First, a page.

On Tuesday afternoon I nipped down the road to Pinnewala, at 2 o'clock the elephants come down the road from the orphanage and the shops pull down there shutters as they pass (in the past some male elephants have tried to attack there own reflection in the glass!) just before the elephants come down a police man walks down the road with a siren to alert every one and I decided (with just about every one else) to stand outside and watch the pachyderm parade. Within minutes the road was full of elephants of all shapes and sizes making there way to the water and totally ignoring every one, well all except one...
Out of the crowd of elephants a young female (maybe a year old) shot forward and ran towards me, stopped dead in front and then lent on me with her trunk wrapped around my side and looked up at me. I was vaguely aware of the screaming from behind me and the mass exodus of nearby people It seemed that the baby just wanted to have some contact (she is an orphan and would still be bottle fed) I gently encouraged her to rejoin the larger group and she shot off to the river without a backwards glance. I was later told that she probably smelt Rani on me and thought, as I smelt of elephants I was a good choice to approach.
Tuesday night we were due to leave MEF to travel towards Habarana where I was going to visit some schools on my way to a national park , as some of you may know there have been a lot of fighting here this week between the LTTE and Army and a car bomb just outside Habaranna on Monday killed over 100 people in a naval convoy. As such it was decided that we would visit a national park in the south of the country instead leaving Wednesday morning instead and stay the night in the national park.
Uda Walawe National park was amazing, we traveled around in a open top land rover and saw wild elephants in herds just doing wild elephant things, including mating (which the guide told us is very rare to see and even rarer to get photos of) it was amazing to see such large groups of elephants living totally wild and a great privilege to visit them in there home and watch them for a few hours.
On Thursday morning we stopped at an elephant transit area, basically it's a sort of orphanage but not like Pinnewala, at the transit area they return the baby elephants back to the wild in groups when they are old enough. Not all the elephants are real orphans, some have just gotten lost but they would not survive in the wild as elephants depend on their mother's milk for 2 years. The staff have to look after the elephants without making them over tame and feed them from behind a fence to minimize the contact. The baby elephants have to wait for there turn at the bottle (large tube with a funnel on top) and there are many shouts of protest from the babies at the back and far bit of pushing and shoving, more than one baby rejoined the queue to try and get another go at the bottle !. The older elephants there (4-5) look after the baby ones (elephants in a herd all care for babies) and once there is a large enough group of weaned elephants they are then moved into a national park as a herd where they will spend the rest of there lives living under the watchful eye of the ranger.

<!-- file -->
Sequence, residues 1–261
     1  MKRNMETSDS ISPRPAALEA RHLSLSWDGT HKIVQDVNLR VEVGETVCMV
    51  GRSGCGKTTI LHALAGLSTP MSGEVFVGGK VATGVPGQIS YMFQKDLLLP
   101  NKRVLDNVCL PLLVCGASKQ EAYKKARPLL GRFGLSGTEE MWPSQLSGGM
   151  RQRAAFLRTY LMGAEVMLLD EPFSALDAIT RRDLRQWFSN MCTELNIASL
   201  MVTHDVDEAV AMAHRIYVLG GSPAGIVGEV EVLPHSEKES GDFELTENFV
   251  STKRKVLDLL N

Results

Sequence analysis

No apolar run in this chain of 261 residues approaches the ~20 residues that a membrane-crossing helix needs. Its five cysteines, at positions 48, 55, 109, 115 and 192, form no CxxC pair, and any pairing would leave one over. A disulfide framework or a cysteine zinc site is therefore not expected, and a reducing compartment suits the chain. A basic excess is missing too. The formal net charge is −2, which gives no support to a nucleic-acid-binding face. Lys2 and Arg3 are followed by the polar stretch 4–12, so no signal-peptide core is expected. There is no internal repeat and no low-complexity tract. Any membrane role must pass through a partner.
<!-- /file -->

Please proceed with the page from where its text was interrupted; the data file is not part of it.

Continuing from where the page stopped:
Thursday evening there was a party at Club Concept as a few of the volunteers were leaving on Friday and everyone was talking about "home" Its amazing to think this has been my home for 7 weeks now, it feels much longer than that ( Sri Lankan time moves at a very different rate to UK time ! ) As much as I am looking forward to coming home I am going to find it very hard to leave here next Friday morning
But I still have 6 days left and a lot can happen in 6 days here :)
Bye for now